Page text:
Wednesday, March 11, 2009

Pity the Saucer-Men

The Sovereign Society Offshore A-Letter
Wednesday, March 11, 2009 - Vol. 11, No. 64

Pity the Saucer-Men:

For They Know Not Where They’ve Come

Dear A-Letter Reader,

Uncover the Mystery and Discover the Truth! (or so the website says)

This year’s week-long UFO convention is slated for Vegas in July. And some of the regular attendees are hoping for some… “extremely foreign” guests.

As for the existence of intelligent life outside of this little Blue Planet, we can’t say. But if aliens do exist…and they chose to visit us right around now…

Well, we’d feel pretty sorry for them.

A Day in Bizarro World

Confusion and Dismay are the reactions we’d imagine.

For they’ve come to a planet where rules and regulation mean mayhem…where “laws” mean off-the-hip decisions…where competition is subsidy…and the world’s largest insurer is also the world’s largest gambler.

They’ve come to a world whose people would all admit we face a state of global crisis, and yet “our” governments frantically engage in massive, untested remedies at the risk of making it all terribly worse.

They’ve come to a place where the businesses of a single street– where the wall once stood – can pay a relatively trivial sum of American currency to the government (in the form of noble contribution), and in turn foist their tremendous debts upon generations of the nation’s public.

Perhaps our visitors would rule out “coincidence” there. They might even say we got a raw deal.

If nothing else, our world would fascinate them. Maybe even make good material for their schools…

“Alright now children…what did we learn from the FDIC’s insurance rate hike in the early months of 2009? Yes, Bobby.”

“We learned that small regional banks would be punished for the weak balance sheets of the country’s superbanks. The superbanks were much worse off, and the FDIC raised its rates because of their solvency issues. But the raise in rates would raise operating costs for all banks…even the well-off regional outfits. It’s a perfect example of unintended consequences. When the government intervenes to aid one company, it often does so at the risk of harming others.”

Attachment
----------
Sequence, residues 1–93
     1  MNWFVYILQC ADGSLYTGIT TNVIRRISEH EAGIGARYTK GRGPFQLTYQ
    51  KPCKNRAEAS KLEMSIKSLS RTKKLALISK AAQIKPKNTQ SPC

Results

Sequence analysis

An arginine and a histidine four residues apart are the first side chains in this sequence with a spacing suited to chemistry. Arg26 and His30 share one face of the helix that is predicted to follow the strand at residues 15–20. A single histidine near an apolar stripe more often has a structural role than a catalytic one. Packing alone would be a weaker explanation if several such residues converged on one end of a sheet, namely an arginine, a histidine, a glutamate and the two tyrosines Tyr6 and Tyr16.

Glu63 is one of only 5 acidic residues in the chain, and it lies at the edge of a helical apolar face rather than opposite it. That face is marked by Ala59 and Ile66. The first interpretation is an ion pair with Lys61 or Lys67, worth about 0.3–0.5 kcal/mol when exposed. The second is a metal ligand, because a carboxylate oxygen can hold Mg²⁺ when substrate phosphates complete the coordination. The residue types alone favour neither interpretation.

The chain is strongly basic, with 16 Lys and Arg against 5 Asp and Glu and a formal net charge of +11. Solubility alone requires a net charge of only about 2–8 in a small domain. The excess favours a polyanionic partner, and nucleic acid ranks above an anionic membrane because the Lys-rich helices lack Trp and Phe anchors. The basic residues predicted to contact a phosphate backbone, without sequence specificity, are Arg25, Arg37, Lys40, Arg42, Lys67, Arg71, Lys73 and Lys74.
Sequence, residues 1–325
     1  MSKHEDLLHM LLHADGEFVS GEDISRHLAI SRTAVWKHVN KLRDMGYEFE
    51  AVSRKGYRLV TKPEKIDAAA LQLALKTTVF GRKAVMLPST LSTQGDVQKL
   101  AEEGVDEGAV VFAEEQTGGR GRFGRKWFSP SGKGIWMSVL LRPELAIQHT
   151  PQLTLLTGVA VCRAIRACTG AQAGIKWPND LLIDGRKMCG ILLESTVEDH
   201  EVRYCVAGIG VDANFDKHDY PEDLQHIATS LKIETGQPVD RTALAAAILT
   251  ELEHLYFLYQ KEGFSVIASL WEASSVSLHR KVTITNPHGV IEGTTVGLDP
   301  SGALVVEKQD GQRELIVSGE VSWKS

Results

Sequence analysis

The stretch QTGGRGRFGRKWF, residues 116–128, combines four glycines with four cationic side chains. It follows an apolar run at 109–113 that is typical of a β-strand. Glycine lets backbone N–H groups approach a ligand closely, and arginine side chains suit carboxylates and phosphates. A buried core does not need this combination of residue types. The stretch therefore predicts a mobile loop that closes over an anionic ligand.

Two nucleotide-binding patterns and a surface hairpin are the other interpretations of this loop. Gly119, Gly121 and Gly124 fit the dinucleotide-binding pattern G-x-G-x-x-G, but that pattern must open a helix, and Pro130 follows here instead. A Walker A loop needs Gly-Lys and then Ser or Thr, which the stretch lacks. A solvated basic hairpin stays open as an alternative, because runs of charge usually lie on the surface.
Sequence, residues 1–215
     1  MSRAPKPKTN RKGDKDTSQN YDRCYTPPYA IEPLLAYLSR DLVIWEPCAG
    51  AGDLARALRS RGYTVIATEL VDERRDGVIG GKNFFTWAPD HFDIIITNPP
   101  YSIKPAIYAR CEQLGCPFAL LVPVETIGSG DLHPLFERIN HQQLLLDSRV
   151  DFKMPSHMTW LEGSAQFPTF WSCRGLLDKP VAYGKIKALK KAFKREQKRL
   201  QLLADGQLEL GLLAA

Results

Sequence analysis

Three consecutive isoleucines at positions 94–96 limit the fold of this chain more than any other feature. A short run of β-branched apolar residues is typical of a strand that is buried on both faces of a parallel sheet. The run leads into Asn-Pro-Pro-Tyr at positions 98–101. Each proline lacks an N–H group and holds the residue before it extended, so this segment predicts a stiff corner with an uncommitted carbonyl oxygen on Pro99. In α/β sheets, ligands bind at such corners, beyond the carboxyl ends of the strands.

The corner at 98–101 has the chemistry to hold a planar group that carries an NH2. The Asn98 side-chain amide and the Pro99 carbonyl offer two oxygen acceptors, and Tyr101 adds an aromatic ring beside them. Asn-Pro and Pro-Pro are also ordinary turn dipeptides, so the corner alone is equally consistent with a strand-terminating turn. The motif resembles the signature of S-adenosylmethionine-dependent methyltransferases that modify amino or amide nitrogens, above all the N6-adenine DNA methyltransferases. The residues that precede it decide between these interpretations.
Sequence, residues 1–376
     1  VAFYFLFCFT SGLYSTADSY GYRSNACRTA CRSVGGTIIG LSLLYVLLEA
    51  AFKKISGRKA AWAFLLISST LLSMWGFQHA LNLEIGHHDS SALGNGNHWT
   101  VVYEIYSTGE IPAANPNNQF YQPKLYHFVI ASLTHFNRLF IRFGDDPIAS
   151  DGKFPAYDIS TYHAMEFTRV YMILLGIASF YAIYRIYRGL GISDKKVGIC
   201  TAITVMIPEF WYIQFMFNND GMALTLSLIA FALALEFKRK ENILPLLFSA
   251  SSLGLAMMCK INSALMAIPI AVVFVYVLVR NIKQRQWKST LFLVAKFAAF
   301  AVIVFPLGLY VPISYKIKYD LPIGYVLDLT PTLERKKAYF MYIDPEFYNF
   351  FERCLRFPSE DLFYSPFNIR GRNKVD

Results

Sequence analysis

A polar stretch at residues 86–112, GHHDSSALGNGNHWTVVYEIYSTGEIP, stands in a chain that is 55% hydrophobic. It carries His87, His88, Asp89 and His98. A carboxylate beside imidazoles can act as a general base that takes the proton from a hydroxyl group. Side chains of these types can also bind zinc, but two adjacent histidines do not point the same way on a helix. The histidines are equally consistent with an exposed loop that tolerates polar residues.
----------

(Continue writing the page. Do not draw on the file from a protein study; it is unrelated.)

“That’s correct.”

Sharing a Coffee with E.T.

And if you manage to convince a “visitor” to share a coffee, it probably wouldn’t be a good idea to take them to Starbucks. You’d already have enough to explain without four-dollar-coffee.

“I mean, what it comes down to is healthy businesses doing healthy business,” they’d tell you over an Orange Mocha Frappucino, “that’s what you need to recover. And trust me…we even struggled with varying degrees of government intervention during crises. As long as there are greedy people, it’s likely to remain a necessary evil.”

“But it takes a master’s touch…because you’re always playing with an unexpected set of possible consequences. Help one company because you believe they pose a catastrophic risk, and you’re likely to hurt their competition. The worst part? Their competition is the healthy companies…the responsible companies. So it’s always a double-edged sword.”

“Like that report you showed me…that AIG was offering more competitive rates on life insurance than their healthy un-subsidized competition. Or the other one…where Warren Buffet’s company – one of only seven remaining AAA credits in the country – is paying more for credit than questionable, government-backed competition. In both cases, the healthy suffer…maybe even as much as the sick benefit.”

“And you simply can’t have these types of things happening without a major loss of confidence across the broad economy. Be mindful of your confidence in times like these…it’s the thread holding you over the void.”

Maybe you personally muster the confidence to ask them how they deal with crises like this one.

“We don’t have them.”

“What?! Why not?”

“We don’t let our companies get big enough to pose catastrophic risk in the first place. That’s just bad management. Either you regulate them all the way or not at all. And you actually have to enforce those rules too. The whole idea that banks can trade in unregulated instruments – like Credit Default Swaps – and still enjoy the protection of FDIC insurance…that’s just doesn’t work.”

They’d likely go on to tell you that despite the mayhem and uncertainty, there are still a few serious opportunities out there. You’d have to look harder…and find some specialized help.

“But you can still find immense profits from picking up business that the incapacitated superbanks are leaving behind…simply lending capital to productive and capable parties. It’s that easy. Funding is in short supply, and people are paying handsomely for it.”

Or, they might go on, “You could also trade in ‘coin-of-the-realm.’ The fundamentals might be ‘on-hold’ at the moment, but some powerful trends are making for huge profits in foreign exchange markets. There’s always a bull market somewhere in currencies.”

Maybe they’d have better advice than we can dream up…we certainly hope they do.

Because in these new times – where up is down, left is right, and you wouldn’t know your government from a hole in your pocket – …well, let’s just say it’s gotten a lot harder to see what’s around the bend.

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